Kiran Vissa’s grassroot movement in Telangana to resist CAA-NRC [Interview]

Kiran Vissa

By Musheera Ashraf,

Kiran Vissa is a social activist based in Hyderabad working at the community level to raise awareness about the Citizenship Amendment Act (CAA), National Register of Citizens (NRC) and National Population Register (NPR). He is currently working with “Citizens Against NRC-NPR-CAA, Telangana” which is a group of concerned citizens of the state out to inform people about the citizenship laws.

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Kiran has been working with Citizens Against NRC-NPR-CAA for four months now and is focused mainly on organizing Mohalla campaigns to reach out to multiple communities. In our recent interview with the activist, we tried to understand the problems and challenges involved in leading a grassroots movement against the CAA-NRC.

How did you start your movement against CAA-NRC?

When I came to know about CAA and NRC, my immediate response was to educate my own family and friends about it. Initially, I fasted for 48 hours to encourage dialogues with my own people to show them how CAA-NRC are dividing my country into fragments and I, as a citizen would not accept it. My fasting for a cause instantly drew concerns from my friends and family who realized it matters so much to me and that is how we started full-fledged awareness campaigns. Following the response we got, we started posting about this on Facebook and subsequently messaging our immediate circles asking them to join.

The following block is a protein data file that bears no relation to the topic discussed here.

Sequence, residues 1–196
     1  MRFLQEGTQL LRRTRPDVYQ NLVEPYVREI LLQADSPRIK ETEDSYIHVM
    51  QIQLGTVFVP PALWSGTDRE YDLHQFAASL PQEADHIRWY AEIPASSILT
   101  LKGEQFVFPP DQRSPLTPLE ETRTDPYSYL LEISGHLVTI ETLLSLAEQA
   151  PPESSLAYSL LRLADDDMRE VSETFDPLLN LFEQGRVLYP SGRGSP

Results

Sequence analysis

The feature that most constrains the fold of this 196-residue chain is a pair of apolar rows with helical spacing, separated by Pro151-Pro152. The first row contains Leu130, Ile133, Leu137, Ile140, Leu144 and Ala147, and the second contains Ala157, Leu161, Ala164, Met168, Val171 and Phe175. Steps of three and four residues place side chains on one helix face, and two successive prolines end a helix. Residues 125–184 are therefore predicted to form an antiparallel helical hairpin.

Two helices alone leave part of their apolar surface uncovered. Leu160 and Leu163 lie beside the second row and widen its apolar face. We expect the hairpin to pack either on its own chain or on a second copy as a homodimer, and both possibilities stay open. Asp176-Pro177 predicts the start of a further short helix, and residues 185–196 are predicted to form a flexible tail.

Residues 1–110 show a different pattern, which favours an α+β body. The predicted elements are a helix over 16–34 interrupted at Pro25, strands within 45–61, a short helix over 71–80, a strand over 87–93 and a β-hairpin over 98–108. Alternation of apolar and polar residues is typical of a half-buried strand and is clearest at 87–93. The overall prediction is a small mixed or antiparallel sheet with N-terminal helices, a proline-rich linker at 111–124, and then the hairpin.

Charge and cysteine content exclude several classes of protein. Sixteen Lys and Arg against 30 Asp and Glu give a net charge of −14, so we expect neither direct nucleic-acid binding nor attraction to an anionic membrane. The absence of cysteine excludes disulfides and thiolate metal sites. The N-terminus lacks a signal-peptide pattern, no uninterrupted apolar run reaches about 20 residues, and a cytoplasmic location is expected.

What was the response of the people? 

My position as a social activist is clear among my family and friends so many of them started to empathize by joining dialogues and hearing us out. Through my Facebook page, I started posting information about this Act under the title ‘Dialogue With Friends’ and soon many like-minded people who could think rationally, came together. Although many opposed me, I am glad that several others at least got convinced that something is definitely wrong with what is going on.

How and why did you feel the need to reach out to rural areas? Which areas have you covered till now?